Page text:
A growing idea among emergent urbanists is that there’s a natural form to the city, one that maximizes activity and that thrives in the absence of regulation. In this view, any sort of urban planning, from postwar suburbia to the Manhattan grid, is just a constraint that makes cities less livable, and in contrast, there is an urban form that people have a near-universal taste for, and all others are some response to bad regulations. Social problems are caused by bad urban form, and the reason American reformers wanted to move everyone to the suburbs was just that the cities failed to look like European cities.
There is an implicit ideology in this view, which is only occasionally hinted at: the ideology of single equilibrium. It holds that there’s just one stable state of nature, and all attempts to change it will just lead to an eventual return to equilibrium, and the greater the change, the more violent the return will be. If there’s a persistent situation away from the equilibrium, it’s a result of pernicious regulations. In economics, it’s the neo-classical school, shaken only by the Great Depression and by the Keynesian argument that depression is every bit an equilibrium as full employment. In every environmental controversy, it’s the individualist cultural bias holding that nature will always return to equilibrium, contrasting with the egalitarian view that nature is inherently fragile, the hierarchical view that it tolerates change within some boundaries to be determined by the experts, and the fatalist view that it is capricious.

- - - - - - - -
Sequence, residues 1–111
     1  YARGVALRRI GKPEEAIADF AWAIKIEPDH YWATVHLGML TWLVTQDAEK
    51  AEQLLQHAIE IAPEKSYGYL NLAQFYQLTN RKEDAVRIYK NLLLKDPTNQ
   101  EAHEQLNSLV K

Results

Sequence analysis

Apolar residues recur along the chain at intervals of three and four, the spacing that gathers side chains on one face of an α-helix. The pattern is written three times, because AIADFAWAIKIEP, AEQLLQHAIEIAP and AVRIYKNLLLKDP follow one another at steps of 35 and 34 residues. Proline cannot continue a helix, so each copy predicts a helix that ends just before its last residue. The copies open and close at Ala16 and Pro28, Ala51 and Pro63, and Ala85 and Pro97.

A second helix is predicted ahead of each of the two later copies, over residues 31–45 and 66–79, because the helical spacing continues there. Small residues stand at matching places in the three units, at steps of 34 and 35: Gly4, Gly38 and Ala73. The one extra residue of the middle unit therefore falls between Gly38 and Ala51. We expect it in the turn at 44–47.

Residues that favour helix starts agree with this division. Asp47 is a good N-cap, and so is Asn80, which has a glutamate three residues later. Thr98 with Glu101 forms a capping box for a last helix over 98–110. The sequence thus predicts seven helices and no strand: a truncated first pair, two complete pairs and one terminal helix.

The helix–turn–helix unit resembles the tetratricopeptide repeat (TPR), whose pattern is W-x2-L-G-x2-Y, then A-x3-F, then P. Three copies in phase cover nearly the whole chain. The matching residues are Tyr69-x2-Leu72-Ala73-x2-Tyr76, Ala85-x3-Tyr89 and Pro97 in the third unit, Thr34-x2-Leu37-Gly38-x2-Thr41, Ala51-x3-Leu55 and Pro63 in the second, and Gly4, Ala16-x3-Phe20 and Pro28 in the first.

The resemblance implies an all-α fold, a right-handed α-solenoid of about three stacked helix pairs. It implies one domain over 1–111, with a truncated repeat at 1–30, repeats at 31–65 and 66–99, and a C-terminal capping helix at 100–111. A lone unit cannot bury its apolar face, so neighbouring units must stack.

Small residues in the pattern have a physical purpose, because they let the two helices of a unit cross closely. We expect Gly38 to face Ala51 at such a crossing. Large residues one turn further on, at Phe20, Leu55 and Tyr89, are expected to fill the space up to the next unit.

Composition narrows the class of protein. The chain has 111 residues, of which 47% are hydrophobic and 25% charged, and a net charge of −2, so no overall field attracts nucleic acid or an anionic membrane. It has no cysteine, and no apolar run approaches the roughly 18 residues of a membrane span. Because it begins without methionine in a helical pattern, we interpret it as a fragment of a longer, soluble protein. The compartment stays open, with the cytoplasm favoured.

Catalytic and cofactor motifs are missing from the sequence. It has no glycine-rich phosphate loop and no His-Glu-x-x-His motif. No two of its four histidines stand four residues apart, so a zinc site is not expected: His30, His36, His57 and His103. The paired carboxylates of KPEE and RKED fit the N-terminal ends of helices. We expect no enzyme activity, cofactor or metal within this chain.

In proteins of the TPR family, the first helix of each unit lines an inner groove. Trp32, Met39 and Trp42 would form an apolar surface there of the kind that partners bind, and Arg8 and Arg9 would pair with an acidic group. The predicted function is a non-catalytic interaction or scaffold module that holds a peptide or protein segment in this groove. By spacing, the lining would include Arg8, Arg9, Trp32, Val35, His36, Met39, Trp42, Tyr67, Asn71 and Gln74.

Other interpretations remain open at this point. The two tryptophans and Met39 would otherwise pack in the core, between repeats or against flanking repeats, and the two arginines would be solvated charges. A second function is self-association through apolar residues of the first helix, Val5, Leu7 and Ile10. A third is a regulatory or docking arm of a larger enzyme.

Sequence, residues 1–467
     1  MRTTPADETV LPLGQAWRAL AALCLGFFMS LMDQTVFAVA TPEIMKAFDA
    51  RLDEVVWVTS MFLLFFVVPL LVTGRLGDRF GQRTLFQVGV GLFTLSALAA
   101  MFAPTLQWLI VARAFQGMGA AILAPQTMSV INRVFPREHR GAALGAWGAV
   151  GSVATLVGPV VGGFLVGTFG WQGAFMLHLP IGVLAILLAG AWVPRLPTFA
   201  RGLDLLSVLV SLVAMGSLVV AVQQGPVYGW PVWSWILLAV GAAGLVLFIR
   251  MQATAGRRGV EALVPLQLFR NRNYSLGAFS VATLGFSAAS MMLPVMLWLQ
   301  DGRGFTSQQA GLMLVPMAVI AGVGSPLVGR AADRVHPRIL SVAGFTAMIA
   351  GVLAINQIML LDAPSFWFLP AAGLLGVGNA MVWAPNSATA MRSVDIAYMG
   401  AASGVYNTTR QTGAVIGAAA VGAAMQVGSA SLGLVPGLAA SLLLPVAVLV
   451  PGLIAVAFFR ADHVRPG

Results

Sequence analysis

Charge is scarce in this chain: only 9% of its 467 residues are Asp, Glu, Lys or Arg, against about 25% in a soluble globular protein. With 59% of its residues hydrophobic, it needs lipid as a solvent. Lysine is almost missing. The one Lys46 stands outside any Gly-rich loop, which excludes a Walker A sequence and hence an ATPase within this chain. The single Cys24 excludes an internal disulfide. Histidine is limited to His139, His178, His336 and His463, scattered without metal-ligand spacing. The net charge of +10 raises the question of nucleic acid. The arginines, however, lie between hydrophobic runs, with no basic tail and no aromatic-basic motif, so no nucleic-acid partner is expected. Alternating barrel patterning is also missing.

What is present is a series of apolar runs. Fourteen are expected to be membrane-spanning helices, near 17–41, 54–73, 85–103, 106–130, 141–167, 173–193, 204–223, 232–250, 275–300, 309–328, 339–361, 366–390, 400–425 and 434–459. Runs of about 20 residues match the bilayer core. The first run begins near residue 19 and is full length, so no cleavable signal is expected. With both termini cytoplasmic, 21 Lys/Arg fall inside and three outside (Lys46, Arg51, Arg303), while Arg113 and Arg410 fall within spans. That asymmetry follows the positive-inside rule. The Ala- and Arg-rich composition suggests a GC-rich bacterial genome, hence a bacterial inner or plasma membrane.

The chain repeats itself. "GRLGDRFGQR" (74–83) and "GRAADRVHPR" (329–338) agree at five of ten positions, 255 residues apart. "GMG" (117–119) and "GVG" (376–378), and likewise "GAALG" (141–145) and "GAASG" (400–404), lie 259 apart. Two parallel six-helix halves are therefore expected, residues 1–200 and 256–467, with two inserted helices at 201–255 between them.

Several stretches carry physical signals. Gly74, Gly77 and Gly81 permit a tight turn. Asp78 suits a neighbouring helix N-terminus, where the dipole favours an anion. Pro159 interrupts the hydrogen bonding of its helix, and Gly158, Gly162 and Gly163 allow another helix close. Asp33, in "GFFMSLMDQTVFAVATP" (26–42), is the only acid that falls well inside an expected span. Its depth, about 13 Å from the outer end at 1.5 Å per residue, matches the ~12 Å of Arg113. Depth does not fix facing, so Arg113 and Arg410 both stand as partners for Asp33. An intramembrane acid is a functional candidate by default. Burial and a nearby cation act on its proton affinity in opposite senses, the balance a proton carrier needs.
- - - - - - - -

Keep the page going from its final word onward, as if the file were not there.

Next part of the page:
Reality is of course more complicated than that. Cities can have multiple equilibria. Unplanned Tokyo and London are happy just the way they are; so are New York, Atlanta, Singapore, Paris, Tel Aviv, and Moscow, each planned in its own way. If people in those cities dislike the current situation, it’s not out of dislike of the present urban form but out of discontent with unemployment, living costs, economic inequality, and other social ills. And if people in mature cities dislike situations that are caused explicitly by their urban layout, then it comes from narrow urban and transportation issues, e.g. California’s air pollution problem.
Historically, this view was more associated with suburbanization and urban renewal. Of course those involved a hefty amount of zoning, but the same could be said of e.g. Christopher Alexander’s support of height limits. In both cases, problems that are really about social relations and poverty are associated with urban design and are used as an excuse to heavily modify cities; that, and not the tenement urban form, was what drove New York’s elite to want suburbanization. Indeed, suburbanization happened in almost all developed countries; the romanticism for the countryside by residents of the rich cities is part of 19th century nationalism, and happened across the first world, regardless of how cities actually looked like.
Nearly every combination of urban form and social class exists somewhere in the world. Just because Americans like some unplanned urban neighborhoods and are gentrifying the cities does not mean that there’s a universal desire for anything, or that people in suburbs are just repressed about how bad their social environment is.